Tokyo Electric Power Co. (TEPCO), the utility company that operates the disaster-stricken Fukushima nuclear power facility, has on Sunday released estimate figures on how much radiation-contaminated water has leaked out of its facility, the first such data the company has released to the public since the March 2011 earthquake and tsunami caused a multiple reactor meltdown at the facility. TEPCO estimates the total amount of radioactive water leaked into the Pacific Ocean since May 2011 to be between 20 trillion to 40 trillion becquerels.
Last month, the embattled operator confirmed the suspicions of ocean contamination held by the public and Japan’s Nuclear Regulation Authority (NRA). The NRA had earlier said that it doubted TEPCO’s continued claims at that time that the toxic water was contained safely in the facility. Of these current numbers, TEPCO said that the scale of the radioactive leak from May 2011 to July 2013 was still around the allowed level under safety regulations before the accident, which was set at 22 trillion becquerels annually. TEPCO said that it would also be estimating the amount of strontium – another byproduct of the decommissioning process which is unfortunately cancer-causing – that may have also leaked out over the years.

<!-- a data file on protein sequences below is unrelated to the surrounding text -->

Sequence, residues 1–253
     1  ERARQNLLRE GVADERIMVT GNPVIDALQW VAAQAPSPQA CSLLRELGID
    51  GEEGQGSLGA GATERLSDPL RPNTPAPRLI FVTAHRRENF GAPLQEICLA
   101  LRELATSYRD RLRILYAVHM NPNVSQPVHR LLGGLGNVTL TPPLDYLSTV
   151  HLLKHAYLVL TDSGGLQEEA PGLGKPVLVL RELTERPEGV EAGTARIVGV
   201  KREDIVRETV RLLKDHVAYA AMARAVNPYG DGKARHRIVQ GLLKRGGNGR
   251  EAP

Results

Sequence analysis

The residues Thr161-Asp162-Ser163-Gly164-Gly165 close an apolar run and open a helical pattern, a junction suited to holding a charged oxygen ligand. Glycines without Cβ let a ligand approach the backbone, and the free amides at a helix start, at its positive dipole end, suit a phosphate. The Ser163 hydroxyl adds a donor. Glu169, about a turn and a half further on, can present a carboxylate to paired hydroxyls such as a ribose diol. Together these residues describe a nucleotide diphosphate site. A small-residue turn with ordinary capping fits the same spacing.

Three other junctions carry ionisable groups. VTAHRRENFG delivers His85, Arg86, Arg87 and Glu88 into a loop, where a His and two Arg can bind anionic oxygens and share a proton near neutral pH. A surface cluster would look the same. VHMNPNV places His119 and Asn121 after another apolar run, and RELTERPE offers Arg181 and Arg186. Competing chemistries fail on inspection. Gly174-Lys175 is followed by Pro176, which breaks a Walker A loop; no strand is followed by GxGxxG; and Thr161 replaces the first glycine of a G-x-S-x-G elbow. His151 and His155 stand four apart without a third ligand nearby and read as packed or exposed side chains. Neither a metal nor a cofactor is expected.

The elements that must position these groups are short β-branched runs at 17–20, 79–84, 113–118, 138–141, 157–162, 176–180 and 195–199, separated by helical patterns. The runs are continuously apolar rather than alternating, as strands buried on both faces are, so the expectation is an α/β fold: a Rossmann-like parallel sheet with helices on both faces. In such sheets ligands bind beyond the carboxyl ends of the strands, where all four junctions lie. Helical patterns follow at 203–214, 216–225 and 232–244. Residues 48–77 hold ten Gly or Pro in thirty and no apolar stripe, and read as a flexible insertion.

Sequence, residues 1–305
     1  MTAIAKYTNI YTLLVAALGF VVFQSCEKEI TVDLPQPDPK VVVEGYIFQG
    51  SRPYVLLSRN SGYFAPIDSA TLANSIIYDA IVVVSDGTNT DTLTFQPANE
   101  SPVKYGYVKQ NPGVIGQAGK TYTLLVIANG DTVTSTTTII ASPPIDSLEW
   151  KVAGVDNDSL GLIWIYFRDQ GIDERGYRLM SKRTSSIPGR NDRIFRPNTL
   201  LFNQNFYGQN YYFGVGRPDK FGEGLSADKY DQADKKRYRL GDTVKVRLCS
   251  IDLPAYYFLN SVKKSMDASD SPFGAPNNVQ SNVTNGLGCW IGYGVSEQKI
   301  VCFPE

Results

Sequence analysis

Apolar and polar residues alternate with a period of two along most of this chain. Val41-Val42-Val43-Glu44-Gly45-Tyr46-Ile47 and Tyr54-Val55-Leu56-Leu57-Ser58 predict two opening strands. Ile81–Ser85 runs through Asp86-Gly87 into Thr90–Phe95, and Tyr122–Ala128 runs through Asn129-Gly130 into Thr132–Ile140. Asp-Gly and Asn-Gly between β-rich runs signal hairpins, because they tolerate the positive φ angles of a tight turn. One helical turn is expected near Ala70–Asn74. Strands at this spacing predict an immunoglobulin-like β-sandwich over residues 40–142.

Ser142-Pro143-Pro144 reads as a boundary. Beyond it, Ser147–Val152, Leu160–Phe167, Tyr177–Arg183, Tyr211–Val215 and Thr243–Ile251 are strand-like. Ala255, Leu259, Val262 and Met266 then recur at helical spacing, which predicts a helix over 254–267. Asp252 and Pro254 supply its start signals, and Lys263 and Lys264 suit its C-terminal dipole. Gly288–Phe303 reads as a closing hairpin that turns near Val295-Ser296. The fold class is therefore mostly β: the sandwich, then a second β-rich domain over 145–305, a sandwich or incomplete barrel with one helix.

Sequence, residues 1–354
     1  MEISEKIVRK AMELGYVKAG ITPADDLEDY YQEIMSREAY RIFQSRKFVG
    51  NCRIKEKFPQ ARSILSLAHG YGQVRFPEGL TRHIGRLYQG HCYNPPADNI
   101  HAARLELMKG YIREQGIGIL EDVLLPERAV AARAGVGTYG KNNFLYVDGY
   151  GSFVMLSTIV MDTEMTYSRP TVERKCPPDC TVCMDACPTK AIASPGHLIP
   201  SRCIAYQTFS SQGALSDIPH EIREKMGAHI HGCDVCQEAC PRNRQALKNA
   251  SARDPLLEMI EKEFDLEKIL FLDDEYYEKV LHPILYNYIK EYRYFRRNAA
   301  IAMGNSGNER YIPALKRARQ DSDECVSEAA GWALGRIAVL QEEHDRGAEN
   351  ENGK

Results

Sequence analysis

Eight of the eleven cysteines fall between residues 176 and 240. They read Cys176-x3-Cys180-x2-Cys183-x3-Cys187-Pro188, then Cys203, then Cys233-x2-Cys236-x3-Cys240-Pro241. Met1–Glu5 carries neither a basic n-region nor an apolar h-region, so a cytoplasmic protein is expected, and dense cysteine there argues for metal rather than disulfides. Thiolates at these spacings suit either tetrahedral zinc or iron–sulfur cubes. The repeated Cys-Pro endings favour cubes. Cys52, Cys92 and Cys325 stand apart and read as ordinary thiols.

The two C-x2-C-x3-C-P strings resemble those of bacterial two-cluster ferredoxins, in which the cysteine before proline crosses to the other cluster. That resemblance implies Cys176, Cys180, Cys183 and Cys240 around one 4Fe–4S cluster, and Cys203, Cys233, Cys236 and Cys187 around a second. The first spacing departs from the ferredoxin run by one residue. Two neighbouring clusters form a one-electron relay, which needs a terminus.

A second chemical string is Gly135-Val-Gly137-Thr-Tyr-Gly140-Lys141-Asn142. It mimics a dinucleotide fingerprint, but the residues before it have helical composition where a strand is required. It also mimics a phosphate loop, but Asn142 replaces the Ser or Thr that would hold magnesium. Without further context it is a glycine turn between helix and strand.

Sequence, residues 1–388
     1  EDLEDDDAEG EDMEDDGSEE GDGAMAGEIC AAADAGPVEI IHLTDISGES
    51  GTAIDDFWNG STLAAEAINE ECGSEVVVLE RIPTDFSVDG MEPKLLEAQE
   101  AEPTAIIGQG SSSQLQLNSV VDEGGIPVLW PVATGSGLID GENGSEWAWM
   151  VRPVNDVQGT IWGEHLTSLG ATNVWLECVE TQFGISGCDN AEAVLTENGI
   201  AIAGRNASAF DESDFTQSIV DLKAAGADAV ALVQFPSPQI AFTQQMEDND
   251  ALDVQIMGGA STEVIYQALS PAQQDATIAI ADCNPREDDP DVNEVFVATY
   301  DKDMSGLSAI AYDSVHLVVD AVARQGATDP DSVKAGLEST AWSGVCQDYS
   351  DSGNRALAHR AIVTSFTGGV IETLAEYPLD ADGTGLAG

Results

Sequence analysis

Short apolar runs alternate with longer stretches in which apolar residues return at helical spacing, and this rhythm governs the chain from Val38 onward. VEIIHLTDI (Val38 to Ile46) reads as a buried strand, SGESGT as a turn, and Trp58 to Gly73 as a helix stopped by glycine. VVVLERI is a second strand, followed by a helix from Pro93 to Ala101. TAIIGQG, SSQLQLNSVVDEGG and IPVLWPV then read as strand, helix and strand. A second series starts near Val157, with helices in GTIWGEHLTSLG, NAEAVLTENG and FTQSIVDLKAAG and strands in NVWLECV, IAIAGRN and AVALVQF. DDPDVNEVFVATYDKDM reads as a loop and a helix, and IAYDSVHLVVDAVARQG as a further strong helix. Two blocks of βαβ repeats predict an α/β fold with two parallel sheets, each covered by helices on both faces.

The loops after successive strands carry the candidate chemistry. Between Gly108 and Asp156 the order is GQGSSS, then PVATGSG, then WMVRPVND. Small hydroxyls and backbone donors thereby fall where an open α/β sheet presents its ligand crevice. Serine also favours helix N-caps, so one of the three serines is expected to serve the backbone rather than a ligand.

TEPCO currently faces huge clean-up responsibilities, as well as compensation costs. The company has continued to struggle with multiple issues regarding the decommissioning, especially with the massive amount of radioactive water accumulating as coolant to the melted down reactors. This, coupled with TEPCO’s own propensity to hide facts to save face, has caused foreign nuclear experts to bluntly criticize TEPCO’s handling of the radioactive leaks. “These actions indicate that you don’t know what you are doing,” said Dale Klein, former head of the US Nuclear Regulatory Commission. “(It shows) you do not have a plan and that you are not doing all you can to protect the environment and the people.”
[via IOL Scitech]
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